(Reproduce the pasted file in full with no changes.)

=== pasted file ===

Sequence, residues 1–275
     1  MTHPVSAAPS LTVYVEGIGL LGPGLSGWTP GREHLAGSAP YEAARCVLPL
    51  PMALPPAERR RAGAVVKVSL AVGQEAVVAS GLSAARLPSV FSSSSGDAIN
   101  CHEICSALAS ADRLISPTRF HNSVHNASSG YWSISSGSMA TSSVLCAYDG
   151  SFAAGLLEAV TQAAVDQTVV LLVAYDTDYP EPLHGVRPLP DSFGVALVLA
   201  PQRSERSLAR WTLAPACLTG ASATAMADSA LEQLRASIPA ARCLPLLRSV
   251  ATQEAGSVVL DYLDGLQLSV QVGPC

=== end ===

Sequence, residues 1–275
     1  MTHPVSAAPS LTVYVEGIGL LGPGLSGWTP GREHLAGSAP YEAARCVLPL
    51  PMALPPAERR RAGAVVKVSL AVGQEAVVAS GLSAARLPSV FSSSSGDAIN
   101  CHEICSALAS ADRLISPTRF HNSVHNASSG YWSISSGSMA TSSVLCAYDG
   151  SFAAGLLEAV TQAAVDQTVV LLVAYDTDYP EPLHGVRPLP DSFGVALVLA
   201  PQRSERSLAR WTLAPACLTG ASATAMADSA LEQLRASIPA ARCLPLLRSV
   251  ATQEAGSVVL DYLDGLQLSV QVGPC